David Byrd : Byrd's Eye View
David Byrd
Chief Marketing Officer for ANPI

How to Choose Between iPhone 6 and iPhone 6 Plus

For the first time ever, Apple introduced two phones of different sizes at once. This is a huge deal for the company...

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Sorry Apple, This is Really Samsung's Month

I find if you write about Android or Apple, you are often a target for people who will flame you on social...

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Rich Tehrani Thoughts From California

I've been on the road in Vegas and California over the past ten days or so. Here are my thoughts. The Venetian...

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GENBAND Kandy Goes Public at Ruby Skye

Last night, GENBAND hosted a gala premiere at Ruby Skye in San Francisco for its official Kandy launch - the transitional solution...

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Peter's View: The Channel Ecosystem

I read CRAIG'S VIEW: THE NEW CHANNEL ECOSYSTEM by Craig Schlagbaum, channel chief at Comcast. My response was too long for...

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2 Ways to Maximize Your Vendor Relationship

As channel partners, we get hammered all the time to sell vendor's stuff - even if it is unreasonable or doesn't...

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The Changing Definition of the Diameter Signaling Controller and Diameter Routing Agent (DRA)

Next week, I will be speaking at the Signaling Focus Day of LTE Asia.  The signaling focus day obviously will have...

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Gone, Gone, Gone

January 27, 2012

In the month of January Broadvox lost two very good people from Sales and Marketing. While no one person is ever critical to the success of a business, losing good people can be expensive. In addition to the easily measured costs associated with salaries, bonuses and benefits there are other reasons to work very hard to reduce undesired attrition. Consider these less discussed costs:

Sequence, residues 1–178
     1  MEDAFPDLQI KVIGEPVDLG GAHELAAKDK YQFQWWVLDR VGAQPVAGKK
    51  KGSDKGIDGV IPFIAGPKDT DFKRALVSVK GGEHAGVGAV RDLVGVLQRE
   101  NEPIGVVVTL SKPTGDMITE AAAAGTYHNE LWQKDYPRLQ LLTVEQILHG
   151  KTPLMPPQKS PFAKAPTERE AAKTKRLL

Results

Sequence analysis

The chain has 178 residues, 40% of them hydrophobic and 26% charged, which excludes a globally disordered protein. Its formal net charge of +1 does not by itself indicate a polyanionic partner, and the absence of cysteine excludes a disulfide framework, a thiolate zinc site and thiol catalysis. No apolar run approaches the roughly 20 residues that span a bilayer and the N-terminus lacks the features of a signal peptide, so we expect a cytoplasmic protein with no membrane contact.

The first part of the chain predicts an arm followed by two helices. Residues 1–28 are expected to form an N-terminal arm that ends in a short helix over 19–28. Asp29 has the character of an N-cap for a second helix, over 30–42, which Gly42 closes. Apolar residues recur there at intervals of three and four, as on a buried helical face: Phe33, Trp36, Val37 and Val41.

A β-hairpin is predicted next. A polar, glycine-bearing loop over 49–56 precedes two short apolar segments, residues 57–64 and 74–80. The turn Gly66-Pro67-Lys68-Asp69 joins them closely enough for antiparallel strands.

• Time spent researching resumes
  • The effort to contact candidates (email, phone, other)
  • Scheduling and conducting interviews
  • Company and industry knowledge lost
  • Time to get up to speed

Other factors such as search fees, impact on the organization, and expenses to relocate key employees can add thousands of dollars to the replacement cost.

Play Fair and Share

January 25, 2012

One of the early lessons we learn as children is to play fair and share with others. For most of my life this was a useful phrase. However, with the advent of the Internet and the ability to share copyrighted content with anyone connected to the net, sharing has become a major issue. When I first learned of the Stop Online Piracy Act (SOPA) and the Protect IP Act (PIPA), I knew I would be opposed to their provisions.

How do You Iron Chef?

January 23, 2012

This past weekend was very interesting as I did a home work assignment for one of my wife’s students. Gay teaches at a small college in Dallas that has a culinary school. One of the tests is to look at a list of ingredients and put together an appetizer and main course. The student, having read a few of my Monday blogs, asked me to work with a flat iron steak and puff pastry for an appetizer and rabbit as a main course.